By Mona Afary, Director of CERI
In March 2008, The Center for Empowering Refugees and Immigrants (CERI) launched its youth services program: Reviving Our Youths’ Aspirations (ROYA). It was named in memory of Roya Forouzesh, a close supporter and a counselor who passionately worked with at-risk youth and their families at our center.
In July, 2011, ROYA initiated a prevention/early intervention program, specifically to serve young Cambodian American women. This would not have happened without the loving support of Alex Briscoe, the director of the Alameda County’s Health Care Social Services agency. With Briscoe’s encouragement and the MHSA funding provided by Prop 63, the young women’s program became a reality.
Since its inception, CERI has been a witness to the great dangers the daughters and granddaughters of its Cambodian clients are confronted with in their daily lives. This young, innocent, beautiful and vulnerable generation of Cambodian American women, often cannot envision a positive a future for themselves. Many drop out of school, join gangs, become involved in robberies, become pregnant or fall prey to underground sex trafficking. Chronic violence has desensitized many of our youth.
Our young women’s group, Apsara’s Warriors works to provide life skills and support on many levels. Our mentors and educators become involved with assisting our young women to navigate their day to day realities. They offer tutoring, mentoring, school advocacy, psychological and emotional support, health education and creative expression. They strive to create an environment in which the young women can remember their dreams and goals and believe it is possible to achieve them. One young woman in the group says it best, “When I am at CERI I feel more like myself, I remember who I am.”
With wrap around support, guidance and mentorship, the girls begin to create new points of reference for themselves. Our mission is to nurture the confidence and leadership necessary, for each young woman to be able to have access to opportunities, in which she can realize her full potential. Our program encourages a healthy, thriving life style and rebuilds hope and strength for the young women and their communities.
ROYA is unique not only because it provides a range of services for Cambodian American youth but also because it is connected with the parents of these children. It can therefore make much more of an intergenerational change in the dynamics of the parent-child relationship, helping clients to overcome communication, generational, and cultural barriers as well as estrangement. In addition to clinical services, it takes an all-encompassing approach, providing home visits, workshops, support groups, parent education, and family counseling. Through these wrap around efforts, closeness, healing, compassion, and understanding is generated among family members. When individuals and families heal, a powerful momentum begins to spread into the community.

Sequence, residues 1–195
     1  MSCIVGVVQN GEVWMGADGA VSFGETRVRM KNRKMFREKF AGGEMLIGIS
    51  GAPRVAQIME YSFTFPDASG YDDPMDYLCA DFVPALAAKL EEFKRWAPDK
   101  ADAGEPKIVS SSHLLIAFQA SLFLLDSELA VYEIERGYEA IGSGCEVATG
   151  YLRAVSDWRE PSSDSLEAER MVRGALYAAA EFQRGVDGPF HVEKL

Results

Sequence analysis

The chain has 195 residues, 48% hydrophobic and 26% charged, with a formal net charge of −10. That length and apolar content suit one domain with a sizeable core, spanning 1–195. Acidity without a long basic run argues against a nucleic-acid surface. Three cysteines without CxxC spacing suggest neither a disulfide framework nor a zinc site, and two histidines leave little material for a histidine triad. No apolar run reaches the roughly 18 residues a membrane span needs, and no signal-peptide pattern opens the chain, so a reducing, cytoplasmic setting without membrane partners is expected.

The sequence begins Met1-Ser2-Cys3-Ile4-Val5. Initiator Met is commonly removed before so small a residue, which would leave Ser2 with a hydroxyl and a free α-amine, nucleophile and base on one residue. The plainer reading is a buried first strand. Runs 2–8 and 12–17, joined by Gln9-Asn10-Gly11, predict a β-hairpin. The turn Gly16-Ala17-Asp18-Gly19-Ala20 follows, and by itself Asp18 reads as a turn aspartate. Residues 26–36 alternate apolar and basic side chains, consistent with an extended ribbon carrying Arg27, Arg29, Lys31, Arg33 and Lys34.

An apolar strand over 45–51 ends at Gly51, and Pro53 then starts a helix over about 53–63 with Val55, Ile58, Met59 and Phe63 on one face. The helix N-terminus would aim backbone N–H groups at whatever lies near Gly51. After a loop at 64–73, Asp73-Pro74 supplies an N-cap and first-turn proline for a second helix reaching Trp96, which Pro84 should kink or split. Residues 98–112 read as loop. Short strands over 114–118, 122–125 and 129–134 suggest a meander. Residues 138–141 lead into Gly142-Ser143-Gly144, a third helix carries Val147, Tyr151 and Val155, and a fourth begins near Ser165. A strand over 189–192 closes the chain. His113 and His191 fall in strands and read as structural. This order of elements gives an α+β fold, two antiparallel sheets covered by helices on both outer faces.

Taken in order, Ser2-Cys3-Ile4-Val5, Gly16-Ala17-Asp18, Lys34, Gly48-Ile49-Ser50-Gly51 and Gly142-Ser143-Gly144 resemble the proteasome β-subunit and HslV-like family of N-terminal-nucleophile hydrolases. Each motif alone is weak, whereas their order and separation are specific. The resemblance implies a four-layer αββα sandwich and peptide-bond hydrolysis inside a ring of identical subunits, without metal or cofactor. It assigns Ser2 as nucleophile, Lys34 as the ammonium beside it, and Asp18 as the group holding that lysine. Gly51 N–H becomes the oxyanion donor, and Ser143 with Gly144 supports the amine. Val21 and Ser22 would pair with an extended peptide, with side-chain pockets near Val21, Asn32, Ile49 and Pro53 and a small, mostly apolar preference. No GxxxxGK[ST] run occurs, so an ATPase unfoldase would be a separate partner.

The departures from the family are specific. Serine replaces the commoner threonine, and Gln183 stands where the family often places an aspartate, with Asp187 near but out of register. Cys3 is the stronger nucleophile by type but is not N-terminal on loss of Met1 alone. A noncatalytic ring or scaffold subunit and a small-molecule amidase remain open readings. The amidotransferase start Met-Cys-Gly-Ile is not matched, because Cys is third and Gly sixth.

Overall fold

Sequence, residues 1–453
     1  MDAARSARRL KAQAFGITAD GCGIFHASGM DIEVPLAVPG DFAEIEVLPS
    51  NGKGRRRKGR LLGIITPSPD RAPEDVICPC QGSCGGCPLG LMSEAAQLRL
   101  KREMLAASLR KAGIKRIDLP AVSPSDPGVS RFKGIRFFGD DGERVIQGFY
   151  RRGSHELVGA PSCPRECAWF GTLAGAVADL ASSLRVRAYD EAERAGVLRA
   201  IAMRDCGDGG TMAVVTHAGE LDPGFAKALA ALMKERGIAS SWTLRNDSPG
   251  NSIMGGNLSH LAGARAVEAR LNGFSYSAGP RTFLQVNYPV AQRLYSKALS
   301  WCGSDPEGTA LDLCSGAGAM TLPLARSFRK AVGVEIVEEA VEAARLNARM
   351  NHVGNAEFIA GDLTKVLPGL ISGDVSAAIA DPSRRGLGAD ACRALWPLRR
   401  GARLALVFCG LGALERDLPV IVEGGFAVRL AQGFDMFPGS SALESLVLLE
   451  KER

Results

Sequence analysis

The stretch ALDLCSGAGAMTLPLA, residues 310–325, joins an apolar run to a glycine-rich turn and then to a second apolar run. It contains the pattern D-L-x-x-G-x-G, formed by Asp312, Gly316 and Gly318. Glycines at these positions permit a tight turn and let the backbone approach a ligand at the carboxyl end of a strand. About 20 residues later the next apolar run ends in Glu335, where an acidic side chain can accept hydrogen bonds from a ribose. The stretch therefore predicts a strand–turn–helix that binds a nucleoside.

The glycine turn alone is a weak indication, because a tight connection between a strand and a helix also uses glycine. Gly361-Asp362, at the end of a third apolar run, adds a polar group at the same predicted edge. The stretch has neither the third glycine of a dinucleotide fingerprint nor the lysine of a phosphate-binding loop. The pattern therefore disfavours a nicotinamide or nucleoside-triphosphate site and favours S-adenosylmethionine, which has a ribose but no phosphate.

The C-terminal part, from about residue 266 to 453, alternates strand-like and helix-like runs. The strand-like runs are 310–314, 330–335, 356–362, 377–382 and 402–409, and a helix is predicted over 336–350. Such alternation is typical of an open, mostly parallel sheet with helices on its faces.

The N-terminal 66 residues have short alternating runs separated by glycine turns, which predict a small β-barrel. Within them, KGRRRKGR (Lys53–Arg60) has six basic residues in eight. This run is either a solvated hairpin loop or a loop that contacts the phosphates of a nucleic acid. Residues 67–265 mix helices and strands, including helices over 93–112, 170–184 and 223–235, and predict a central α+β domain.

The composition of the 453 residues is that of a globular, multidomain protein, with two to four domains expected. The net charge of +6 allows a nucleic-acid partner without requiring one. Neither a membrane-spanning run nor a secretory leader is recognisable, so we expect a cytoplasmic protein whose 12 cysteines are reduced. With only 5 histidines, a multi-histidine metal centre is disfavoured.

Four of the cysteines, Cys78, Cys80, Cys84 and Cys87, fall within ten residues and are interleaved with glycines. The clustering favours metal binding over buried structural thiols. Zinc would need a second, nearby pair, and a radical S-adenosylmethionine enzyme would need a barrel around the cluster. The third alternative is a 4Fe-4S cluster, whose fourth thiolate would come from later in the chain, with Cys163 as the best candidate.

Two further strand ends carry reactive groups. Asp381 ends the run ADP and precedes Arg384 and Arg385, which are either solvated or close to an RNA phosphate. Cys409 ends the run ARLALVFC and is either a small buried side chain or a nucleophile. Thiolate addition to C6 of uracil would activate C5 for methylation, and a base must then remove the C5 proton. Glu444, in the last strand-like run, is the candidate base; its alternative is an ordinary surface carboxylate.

This is especially important as many of these young people have no idea about the extent of the violence and hardships that their parents experienced and how this may cause certain traumas. Most of the young people have either been sheltered from the truth by their parents, or their parents are too traumatized to talk about the experience, or there are language barriers between the parents and their children (i.e., the parents speak Cambodian, the children speak English). Nonetheless, these children can experience vicarious trauma. Once the children learn about their parents’ experiences, it opens them up to a new perspective about what they want to do with their lives and offers a new sense of cultural heritage and pride in their community. The family can also begin a deeper level of healing.
Community partnerships are another important strategy employed by the program. CERI is actively cultivating working relationships with other community-based social service, legal, and educational providers, as well law enforcement officials, to establish a network of support services for our youth program clients. Current partners include: the UC Berkeley Cambodian Students Association, Laney College’s Project Bridge program, ABC (a paid apprenticeship program), Bay Area Legal Aid (a nonprofit legal aid organization for low-income individuals), Banteay Srei (a program established in 2004 to address the increasing number of young Southeast Asian women engaged in or at-risk of sexual exploitation), La Clinica (a community health clinic), and Serve the People (a grassroots group for Asian/Pacific Islanders).
ROYA has been honored to enjoy the support of a range of Bay Area funders, including: Cisco Silicon Valley Impact Grant Program, Devata Giving Circle, the Long Family Foundation, the Irving foundation, the San Francisco Foundation, the Siegel Foundation, the Y & H Soda Foundation, the Van Loben Sels/Rembe Rock Foundation, and the Danny Weinstein Foundation. We are profoundly moved by the generosity and trust these foundations have bestowed upon CERI.